At this very moment, the sky is beginning to lighten ever so slightly, and it is very dark in the living room, except for the lovely glow of the Himalayan salt rock lamp. I can't even see Sami who is black as night, but I can hear her, softly breathing as she is stretched out on more than her half of the sofa. The glow of the computer is softly illuminating the pile of grey puddles beside me, lovingly known as Bristol. He is snoring loudly, as he is wont to do. I'm celebrating this very moment VERY QUIETLY, so as not to disturb their slumber, and I am enjoying every single second of this peace and quiet. 

The puppies were up earlier at 5:00 for their breakfast, and while they ate their homemade meal of boiled ground beef, white rice, and green beans, I prepared their Kongs for the freezer, filling them with Braunschweiger. (Don't know what that is? Read HERE.) No, I'm not treating them to a gourmet meal in honor of Puppy Day. This has been their vet-recommended diet for awhile now, until we get their tummy issues under control. I cook for the puppies more than I do Chuck and me; twelve cups of cooked rice and five pounds of hamburger at a time. These growing pups have big appetites. 

The puppies and I have a big day planned. They'll take lots of naps, and I hope to join in on one of those. When the doorbell rings, as it does most days, after I settle Sami down from the frenzy that initiates, I'll see what Amazon delivered for the puppies THIS time. We've become very regular Amazon customers, since the puppies came to live with us. Amazon has delivered two more crates, a harness, Kong toys and Nylabones. We have a grundle of puppy toys, but there's always something new our friends recommend for us to try. 

Today we're hoping Amazon will bring more jingle bells to put around the house so the puppies can alert us when it's time to go out. Pretty exciting; I know, but not many packages contain things for the humans in the house any more, so I have to muster some enthusiasm for all of the puppy packages that arrive. Often.

Later today, I'll pick up their puppy toys for the umpteenth time, wipe down dog crates, mop paw prints off the floor, and finish up with a rousing game of Poop Patrol, kind of like a disgusting Easter egg hunt for dog owners.

Since I have reinforcements today (our youngest son Bridger flew into Chicago last night), maybe Sam and Bristol will both get to go for a walk at the same time around the neighborhood. And later, I hope we get to check out a dog park. We haven't gone to a dog park yet. Tonight, we have our last puppy class at Anderson Animal Shelter

Precious puppy paws.

I guess National Puppy Day won't be much different than any other day at our house. But we'll KNOW it's a special day, and we'll treat our puppies "extra-special," not that that will be much different either. Every day's a celebration with Bristol and Sam in the house.

Wednesday, March 22, 2017

PUPPY TALES: Dog Mama Memes

Everyone's making memes these days, even old women like me. I'm not sure I'm considered techno-savvy in any area, but thanks to dumb luck, and poking around on the internet, I've found some fun apps to use with our dogs.

The Bark Cam has several features which make it user friendly. It is available from iTunes for iPhones and Google play for Androids. To "make your pet a star," simply download the app, and then when you want to take a pic of Fido (or your version of Bristol and Sami), simply choose a sound to get your pup's attention, and your camera's shutter goes off a moment later. The sounds available include a duck, a doorbell, a dog barking, a treat bag being torn open, jangling keys; there are quite a few!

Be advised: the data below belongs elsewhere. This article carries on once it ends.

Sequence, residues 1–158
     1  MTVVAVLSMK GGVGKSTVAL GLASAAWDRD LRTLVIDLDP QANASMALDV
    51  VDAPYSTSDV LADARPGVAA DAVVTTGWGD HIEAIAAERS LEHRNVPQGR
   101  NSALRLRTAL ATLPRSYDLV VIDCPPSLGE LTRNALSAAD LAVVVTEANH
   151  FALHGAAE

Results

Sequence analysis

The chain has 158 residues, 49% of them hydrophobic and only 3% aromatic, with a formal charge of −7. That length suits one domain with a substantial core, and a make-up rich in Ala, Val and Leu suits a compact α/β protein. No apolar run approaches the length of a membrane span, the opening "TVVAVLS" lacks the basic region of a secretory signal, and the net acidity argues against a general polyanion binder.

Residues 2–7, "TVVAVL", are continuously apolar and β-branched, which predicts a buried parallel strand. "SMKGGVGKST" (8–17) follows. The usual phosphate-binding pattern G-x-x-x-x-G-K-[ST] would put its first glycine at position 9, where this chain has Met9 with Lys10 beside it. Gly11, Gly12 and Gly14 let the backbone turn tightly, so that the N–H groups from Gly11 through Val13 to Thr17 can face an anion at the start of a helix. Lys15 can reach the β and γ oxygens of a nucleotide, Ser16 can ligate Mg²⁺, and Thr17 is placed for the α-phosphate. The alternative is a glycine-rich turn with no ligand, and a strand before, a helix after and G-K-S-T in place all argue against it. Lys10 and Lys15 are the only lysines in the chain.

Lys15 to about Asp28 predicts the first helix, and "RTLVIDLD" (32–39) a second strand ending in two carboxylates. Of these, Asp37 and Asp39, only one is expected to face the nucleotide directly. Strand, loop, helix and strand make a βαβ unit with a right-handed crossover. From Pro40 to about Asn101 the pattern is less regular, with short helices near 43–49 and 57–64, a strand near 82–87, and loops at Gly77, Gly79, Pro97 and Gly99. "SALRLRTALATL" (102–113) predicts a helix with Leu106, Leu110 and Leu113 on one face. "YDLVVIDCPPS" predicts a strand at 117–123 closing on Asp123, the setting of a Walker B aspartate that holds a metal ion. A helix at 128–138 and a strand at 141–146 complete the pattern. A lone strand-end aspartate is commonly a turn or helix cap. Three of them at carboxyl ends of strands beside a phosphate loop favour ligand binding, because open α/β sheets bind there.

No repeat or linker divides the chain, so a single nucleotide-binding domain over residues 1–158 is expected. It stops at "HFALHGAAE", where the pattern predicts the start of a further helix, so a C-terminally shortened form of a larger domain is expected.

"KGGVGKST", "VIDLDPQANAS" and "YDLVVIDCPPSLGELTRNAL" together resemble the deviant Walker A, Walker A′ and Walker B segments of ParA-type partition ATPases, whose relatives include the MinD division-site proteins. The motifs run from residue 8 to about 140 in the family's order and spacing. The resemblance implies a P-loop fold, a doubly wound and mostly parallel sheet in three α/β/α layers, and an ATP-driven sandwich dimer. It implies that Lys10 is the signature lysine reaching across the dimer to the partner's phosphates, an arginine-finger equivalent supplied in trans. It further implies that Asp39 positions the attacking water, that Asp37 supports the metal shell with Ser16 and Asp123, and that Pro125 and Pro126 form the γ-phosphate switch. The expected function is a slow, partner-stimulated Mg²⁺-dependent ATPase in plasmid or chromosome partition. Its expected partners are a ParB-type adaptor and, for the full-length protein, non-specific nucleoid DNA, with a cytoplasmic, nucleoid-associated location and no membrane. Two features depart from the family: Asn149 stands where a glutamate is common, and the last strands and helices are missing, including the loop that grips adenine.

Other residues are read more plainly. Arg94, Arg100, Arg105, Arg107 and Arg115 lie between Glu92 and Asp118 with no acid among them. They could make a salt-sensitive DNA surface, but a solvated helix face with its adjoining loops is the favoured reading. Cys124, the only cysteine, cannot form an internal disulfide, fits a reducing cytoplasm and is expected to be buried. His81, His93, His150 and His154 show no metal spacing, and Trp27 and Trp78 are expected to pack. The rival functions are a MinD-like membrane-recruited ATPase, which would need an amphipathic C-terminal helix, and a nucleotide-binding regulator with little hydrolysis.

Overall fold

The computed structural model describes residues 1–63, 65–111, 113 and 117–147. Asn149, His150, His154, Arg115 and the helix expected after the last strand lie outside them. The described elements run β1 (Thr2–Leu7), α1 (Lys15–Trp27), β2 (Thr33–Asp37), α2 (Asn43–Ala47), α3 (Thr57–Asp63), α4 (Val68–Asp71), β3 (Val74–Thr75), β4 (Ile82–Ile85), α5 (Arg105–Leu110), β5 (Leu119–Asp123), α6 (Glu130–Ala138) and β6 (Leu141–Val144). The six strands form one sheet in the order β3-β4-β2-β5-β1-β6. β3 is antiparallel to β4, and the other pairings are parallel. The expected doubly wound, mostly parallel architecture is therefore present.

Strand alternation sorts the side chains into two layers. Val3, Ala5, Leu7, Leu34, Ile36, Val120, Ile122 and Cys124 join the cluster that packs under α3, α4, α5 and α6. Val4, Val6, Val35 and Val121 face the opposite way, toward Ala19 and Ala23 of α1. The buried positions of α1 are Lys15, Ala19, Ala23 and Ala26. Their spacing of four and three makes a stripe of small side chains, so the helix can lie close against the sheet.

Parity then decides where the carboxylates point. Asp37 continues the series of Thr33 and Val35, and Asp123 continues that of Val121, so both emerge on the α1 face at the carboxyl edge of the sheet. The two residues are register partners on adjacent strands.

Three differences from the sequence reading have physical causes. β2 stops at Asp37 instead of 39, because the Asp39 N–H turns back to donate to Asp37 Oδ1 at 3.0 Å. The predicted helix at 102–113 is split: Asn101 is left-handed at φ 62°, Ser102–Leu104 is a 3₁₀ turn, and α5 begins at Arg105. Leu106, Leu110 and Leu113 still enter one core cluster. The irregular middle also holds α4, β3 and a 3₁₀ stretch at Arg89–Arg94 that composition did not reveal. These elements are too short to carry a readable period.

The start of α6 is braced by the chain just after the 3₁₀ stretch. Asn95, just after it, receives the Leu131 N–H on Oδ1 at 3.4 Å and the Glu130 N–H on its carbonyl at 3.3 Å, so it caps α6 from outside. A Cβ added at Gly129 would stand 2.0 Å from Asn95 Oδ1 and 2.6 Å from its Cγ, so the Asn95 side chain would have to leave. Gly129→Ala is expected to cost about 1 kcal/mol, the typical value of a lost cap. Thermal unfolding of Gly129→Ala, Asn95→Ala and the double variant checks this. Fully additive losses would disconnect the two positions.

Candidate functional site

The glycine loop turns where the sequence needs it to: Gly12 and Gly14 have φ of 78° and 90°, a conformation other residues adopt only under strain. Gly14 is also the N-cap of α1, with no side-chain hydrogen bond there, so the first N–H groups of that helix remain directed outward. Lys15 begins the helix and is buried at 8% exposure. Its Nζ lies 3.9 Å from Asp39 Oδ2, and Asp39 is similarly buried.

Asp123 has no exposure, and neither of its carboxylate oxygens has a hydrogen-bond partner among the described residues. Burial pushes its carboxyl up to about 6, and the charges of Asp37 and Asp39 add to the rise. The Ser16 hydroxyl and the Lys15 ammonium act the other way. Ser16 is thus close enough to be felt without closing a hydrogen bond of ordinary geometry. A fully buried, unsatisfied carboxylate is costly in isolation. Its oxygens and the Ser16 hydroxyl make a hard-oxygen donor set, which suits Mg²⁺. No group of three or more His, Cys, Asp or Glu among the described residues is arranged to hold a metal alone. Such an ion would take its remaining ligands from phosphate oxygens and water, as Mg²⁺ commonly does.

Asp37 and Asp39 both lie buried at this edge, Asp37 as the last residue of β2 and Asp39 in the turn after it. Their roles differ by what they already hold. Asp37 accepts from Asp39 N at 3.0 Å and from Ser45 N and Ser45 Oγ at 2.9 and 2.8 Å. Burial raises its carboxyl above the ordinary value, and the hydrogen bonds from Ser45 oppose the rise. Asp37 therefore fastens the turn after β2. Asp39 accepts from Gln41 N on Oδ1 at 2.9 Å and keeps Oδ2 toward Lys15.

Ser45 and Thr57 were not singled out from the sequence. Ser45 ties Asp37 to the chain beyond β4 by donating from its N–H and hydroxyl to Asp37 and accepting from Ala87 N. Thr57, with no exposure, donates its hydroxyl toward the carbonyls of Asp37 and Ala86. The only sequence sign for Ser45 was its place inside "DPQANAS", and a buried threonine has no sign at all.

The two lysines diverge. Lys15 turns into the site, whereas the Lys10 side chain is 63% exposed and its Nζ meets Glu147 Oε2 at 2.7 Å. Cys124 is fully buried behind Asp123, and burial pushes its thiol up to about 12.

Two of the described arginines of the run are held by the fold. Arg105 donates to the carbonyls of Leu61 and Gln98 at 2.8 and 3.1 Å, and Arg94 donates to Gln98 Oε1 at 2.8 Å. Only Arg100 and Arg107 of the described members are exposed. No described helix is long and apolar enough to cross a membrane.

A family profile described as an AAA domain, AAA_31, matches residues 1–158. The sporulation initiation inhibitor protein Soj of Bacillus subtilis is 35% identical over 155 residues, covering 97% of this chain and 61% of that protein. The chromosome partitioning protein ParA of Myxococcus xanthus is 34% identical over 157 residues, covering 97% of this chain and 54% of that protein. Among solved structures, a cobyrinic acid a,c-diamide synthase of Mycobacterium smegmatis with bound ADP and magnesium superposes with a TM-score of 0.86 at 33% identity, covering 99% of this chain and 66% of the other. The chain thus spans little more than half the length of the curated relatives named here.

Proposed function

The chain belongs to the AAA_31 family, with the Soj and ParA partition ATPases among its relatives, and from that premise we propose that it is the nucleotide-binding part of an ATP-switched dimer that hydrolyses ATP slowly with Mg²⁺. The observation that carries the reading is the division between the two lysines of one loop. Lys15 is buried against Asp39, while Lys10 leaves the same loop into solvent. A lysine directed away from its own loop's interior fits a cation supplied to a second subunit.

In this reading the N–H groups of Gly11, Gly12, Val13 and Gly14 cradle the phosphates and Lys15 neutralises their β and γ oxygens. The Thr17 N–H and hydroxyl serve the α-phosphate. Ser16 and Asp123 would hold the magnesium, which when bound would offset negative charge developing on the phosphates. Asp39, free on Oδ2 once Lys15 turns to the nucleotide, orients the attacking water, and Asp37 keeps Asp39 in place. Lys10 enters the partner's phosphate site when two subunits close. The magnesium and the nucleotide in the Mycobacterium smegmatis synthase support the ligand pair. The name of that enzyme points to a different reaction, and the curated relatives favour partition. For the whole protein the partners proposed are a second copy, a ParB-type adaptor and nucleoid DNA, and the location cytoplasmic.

Bark Cam sounds allowed me to capture this quizzical look, and Canva helped me
with the editing.

Sami goes a little berserk when the doorbell rings, so I've been using Bark Cam's doorbell sound during our clicker training. Bark Cam is helping desensitize our dogs to other unusual sounds. During our puppy classes, we play a sound like a dog barking, then use a clicker to get the pup's attention, and reward them for paying attention to us, rather than the sound. There are specific apps for that, like iSounds, but I've been using Bark Cam for now. 

My back pocket camera captured this fun action shot of Sami when I bent down to take
a pic of the dogs sitting on command. We'll keep working on "sit."
Editing done with Canva.
Bark Cam will also let you upload pictures from your phone, and edit them with text, conversation bubbles, and stickers. It has been fun to play with our pictures, and share them with friends.

When my daughter's beautiful Boxer Rocky escaped from the kennel at her dad's house last weekend, it was a sad day indeed. He was gone all afternoon, all night, and Sierra did not find him until after sunrise the next day. He had us all worried sick about him. I kept texting Sierra throughout the night to not give up hope, and I kept reminding her miracles happen every day. 

After a very fitful night, I was so happy to get her phone call that she had Rocky in the truck with her, and they were heading home for food and a bath and lots of naps. I made a couple of memes with Bark Cam for them later that day.

My husband and I are photographers, and sometimes, only a really nice portrait will do. When the sun is "just right" in our living room, we often break out our cameras, and have an impromptu photo session with the puppies. I used the sounds from the Bark Cam app to get Bristol and Sam's attention, standing behind Chuck while he took his shots, and he did the same for me. 

Sami looked up from her relaxed position with her big, brown eyes when she heard the squeaking sounds coming from my phone. I was very happy with the results from that photo shoot.